Kim Harrison, from Andover College, writes…
Play it loud!
It’s important to consider the differing learning styles of our students and, with that in mind, using clips of battle is how I introduce the war poetry unit – I play them as loud as I can get away with, in the dark, with students under the tables, to try and draw out an emotional response to the sound of gunfire and bombs – they mindmap any vocabulary they can think of to convey their feelings and then compare it with what they subsequently find in the poems they study. It’s a brief but effective way of engaging them in the language, letting the language inform them of experience before considering historical context.
After considering genre features of memoir writing using extracts from Vera Brittain’s diaries and memoirs, watching the BBC’s Testament of Youth gave an added dimension to their knowledge and studies by encouraging thoughtful debate on the role of women. They were able to link this with study of FWW poetry from both men and women and further consider voice when writing their own literary piece.
War as entertainment?
The Gove and Blackadder controversy was a timely one for my students now beginning their non fiction pieces – they were most vociferous after watching Channel 4’s reporting of the issue, stating that they enjoyed and appreciated being able to watch and listen to such programmes and clips, that they deemed them as useful a resource as any written texts. This became apparent when they watched a Channel 4 news piece on Hetty Bower – they were moved to tears – and it helped them develop their discussion question on “when is it acceptable to write about war for entertainment?” BBC Learning Zone clips of interviews with Henry Allingham and Harry Patch, and clips from news items interviewing different generations at war graves helped them develop and support their own views. Some of the clips are very brief, but enough to generate coursework ideas and help them to consider a wider variety of views in preparing to write about the impact of war on the individual. Alongside this discussion they are compiling a centenary timeline of important publication dates of both fiction and non fiction pieces.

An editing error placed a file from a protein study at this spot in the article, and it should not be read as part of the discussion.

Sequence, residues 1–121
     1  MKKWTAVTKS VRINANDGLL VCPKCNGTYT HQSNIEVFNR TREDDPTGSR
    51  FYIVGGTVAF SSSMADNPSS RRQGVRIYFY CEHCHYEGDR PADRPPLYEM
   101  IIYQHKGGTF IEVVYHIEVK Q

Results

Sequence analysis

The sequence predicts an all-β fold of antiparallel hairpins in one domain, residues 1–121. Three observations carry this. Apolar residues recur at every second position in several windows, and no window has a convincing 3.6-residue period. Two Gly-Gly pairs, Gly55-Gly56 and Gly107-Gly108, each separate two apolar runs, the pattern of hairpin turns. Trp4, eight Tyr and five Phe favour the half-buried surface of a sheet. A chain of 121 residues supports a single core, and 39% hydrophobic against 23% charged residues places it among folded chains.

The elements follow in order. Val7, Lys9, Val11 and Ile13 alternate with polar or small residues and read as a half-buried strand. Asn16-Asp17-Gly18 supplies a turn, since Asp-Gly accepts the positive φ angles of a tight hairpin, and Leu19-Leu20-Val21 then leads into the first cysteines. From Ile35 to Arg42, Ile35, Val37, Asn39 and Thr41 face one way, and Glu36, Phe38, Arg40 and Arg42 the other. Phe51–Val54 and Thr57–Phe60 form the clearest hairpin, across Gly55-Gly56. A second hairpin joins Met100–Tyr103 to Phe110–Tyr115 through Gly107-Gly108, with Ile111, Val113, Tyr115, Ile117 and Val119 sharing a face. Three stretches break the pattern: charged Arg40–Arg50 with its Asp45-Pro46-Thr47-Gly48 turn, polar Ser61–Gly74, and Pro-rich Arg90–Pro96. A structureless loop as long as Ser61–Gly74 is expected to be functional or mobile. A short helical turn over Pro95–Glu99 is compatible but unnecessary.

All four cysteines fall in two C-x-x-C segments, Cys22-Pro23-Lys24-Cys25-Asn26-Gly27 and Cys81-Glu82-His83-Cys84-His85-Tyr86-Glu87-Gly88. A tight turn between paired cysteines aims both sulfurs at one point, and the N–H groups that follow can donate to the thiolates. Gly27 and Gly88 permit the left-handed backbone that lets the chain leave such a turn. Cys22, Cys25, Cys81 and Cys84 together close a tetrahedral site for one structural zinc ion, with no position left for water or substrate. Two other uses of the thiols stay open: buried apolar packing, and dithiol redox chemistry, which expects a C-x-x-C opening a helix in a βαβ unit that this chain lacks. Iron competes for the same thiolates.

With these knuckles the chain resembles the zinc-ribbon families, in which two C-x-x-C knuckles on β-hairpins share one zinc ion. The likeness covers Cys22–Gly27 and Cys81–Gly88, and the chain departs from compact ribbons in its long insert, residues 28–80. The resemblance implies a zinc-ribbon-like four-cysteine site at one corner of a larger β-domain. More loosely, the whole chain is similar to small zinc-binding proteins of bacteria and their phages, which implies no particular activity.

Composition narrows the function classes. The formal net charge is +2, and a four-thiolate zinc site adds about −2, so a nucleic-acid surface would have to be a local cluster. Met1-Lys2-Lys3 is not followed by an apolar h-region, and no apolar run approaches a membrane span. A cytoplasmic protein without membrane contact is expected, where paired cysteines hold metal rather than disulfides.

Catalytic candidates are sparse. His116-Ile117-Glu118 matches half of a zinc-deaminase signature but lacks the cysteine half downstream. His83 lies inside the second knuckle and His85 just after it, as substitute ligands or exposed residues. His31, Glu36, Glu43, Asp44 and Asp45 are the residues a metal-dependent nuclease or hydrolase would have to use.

I was lucky enough to have copies of the BBC’s Blackadder and Testament of Youth, but sadly, I was not able to show The Wipers Times because I was too late to catch it on BBC iPlayer. Short availability dates are a common problem so I hope, with the number of FWW programmes due to be aired, they will be made available for longer – I am in no doubt they are an invaluable resource for teachers and students.